Circumstances Tough, But Matz Tougher in Opener Victory

Steven Matz didn’t do himself very many favors in his first three innings pitched last night. Despite piecing together six strikeouts against a Pittsburgh Pirates lineup that boasts lowest strikeout rate in the National League (19.9%), Matz allowed four runs on a pair of two-run homers, and threw just 40 of his first 72 pitches for strikes.

Each at-bat seemed a textbook game of back-and-forth early on for the lefty, as he found himself in just three 0-2 counts across this stretch. One such at-bat ended with an opposite-field single off the bat of Jordan Luplow. The two home runs themselves, one from David Freese in the first and the other from Josh Harrison in the third, followed in the other two instances.

Even with the encouraging onslaught of strikeouts, Matz seemed to lack authority, falling into 2-2 and 3-2 counts at seemingly every turn. To be clear, he only walked two and surrendered three total hits. As the case has been in nearly every start he’s made since the beginning of May, Steven Matz was composed and methodical. But with even one baserunner bringing the top of the order back to the dinner table in the fourth inning, it had become clear that the pattern of shirking damage was wearing thin.

At this point, the Stony Brook lefty turned on a switch that perhaps hadn’t been touched at any other point in the season. Following three supporting runs from his offense, Matz turned in a 15-pitch, fourth inning, void of baserunners and complete with a struck out side. The strikeout of relief pitcher Tyler Glasnow was Matz’s ninth and last of the evening – tying his career-high for punchouts in a single game. And the last time Matz fanned a side? April 7 against the Washington Nationals.

Now at 87 pitches at the start of the fifth inning, Matz desperately needed a scoreless inning, or simply anything to keep his team afloat in what had otherwise been a tug-of-war of extra-base hits. 11 pitches, two popouts, and a routine 6-3 putout later, Matz was back in the dugout, now having retired seven batters in a row. Entrusted with the sixth, the lefty went out with one last bang, throwing six of eight for strikes in another spotless inning. The Mets rewarded him with another three-spot in the seventh inning, before running away with a 12-6 dismemberment of the Bucs’ pitching staff.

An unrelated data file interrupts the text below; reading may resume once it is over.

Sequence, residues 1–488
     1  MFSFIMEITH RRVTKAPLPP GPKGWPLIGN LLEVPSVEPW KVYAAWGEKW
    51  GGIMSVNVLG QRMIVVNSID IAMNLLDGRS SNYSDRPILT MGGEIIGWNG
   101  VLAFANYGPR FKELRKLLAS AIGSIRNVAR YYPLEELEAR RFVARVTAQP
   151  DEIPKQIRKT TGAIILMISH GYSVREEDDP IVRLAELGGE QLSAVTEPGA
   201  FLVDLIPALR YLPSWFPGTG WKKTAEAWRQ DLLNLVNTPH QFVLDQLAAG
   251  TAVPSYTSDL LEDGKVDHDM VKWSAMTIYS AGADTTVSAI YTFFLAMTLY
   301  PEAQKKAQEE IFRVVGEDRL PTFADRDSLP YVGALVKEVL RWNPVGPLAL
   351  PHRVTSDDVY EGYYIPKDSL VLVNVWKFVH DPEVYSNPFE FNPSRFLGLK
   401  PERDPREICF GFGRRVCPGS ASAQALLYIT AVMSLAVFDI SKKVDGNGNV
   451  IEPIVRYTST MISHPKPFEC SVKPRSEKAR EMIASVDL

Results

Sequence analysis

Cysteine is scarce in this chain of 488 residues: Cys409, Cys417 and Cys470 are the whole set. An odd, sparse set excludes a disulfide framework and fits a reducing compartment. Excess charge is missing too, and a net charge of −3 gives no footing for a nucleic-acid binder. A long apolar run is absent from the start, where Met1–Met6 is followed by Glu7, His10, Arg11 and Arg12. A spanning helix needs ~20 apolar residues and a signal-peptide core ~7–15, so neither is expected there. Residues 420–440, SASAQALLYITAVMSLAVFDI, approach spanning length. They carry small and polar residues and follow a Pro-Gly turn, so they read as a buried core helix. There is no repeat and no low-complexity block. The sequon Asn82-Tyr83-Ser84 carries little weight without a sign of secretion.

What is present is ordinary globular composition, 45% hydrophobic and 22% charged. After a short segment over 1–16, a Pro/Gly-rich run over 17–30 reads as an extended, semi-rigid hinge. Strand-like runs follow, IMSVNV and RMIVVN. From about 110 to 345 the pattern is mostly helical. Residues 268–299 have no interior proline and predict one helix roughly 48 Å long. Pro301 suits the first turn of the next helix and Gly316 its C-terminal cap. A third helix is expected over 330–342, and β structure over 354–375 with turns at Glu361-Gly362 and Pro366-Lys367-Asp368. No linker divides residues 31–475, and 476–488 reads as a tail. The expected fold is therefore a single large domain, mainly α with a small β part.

Admitting to some feelings of tightness in the early going, Matz went through what has become a relatively common process of explaining how he managed to adapt and overcome the adversity: “I definitely felt like I settled in… It was almost like I got a little tired and I was able to stay smooth instead of muscle up a little bit. And that works… I think it helped me out for sure.”

While Matz’s season ERA crept up further to 3.79 and the home run bug still managed to bite and leave a mark, virtually every other stat of his saw some form of improvement, between his strikeout-to-walk ratio, hard-hit rate, and winning percentage (not that it should mean much anyway). Over his final three innings, Matz needed just 34 total pitches, maintaining a velocity between 93-94 mph that could have passed as 94-95 given the action on his sinker.

“We’re really happy with the progress he’s made,” added manager Mickey Callaway after the team’s third win in a row. “He’s always been a worker. I think he’s working on a lot of the right things that [Dave Eiland] has really helped implement. It’s been fun to watch. He’s been really, really good out there. It’s been fun.”

While he’s consistently shown improvement from his debacle in 2017, Matz’s starts haven’t necessarily signified “fun” in terms of his efficiency and composure quite like they have over the past few weeks. His growth becomes more apparent with every inning, and after making particular progress between the two halves of last night’s start, it may be time his year receive more credit than just a step in the right direction.

About Jack Hendon 191 Articles
Jack Hendon (@jack_hendon99 on Twitter) is a sophomore at Haverford College, special assistant/statistician for the baseball team, prospective English major and psychology minor, and contributor to MetsMerized Online. He was seven when he saw Carlos Beltran take strike three in the 2006 NLCS, and since then has concentrated his love for the Mets through writing about particular fan memories, while also devoting time to recapping games, analyzing pitchers, and heckling (when appropriate) at Citi Field. LGM!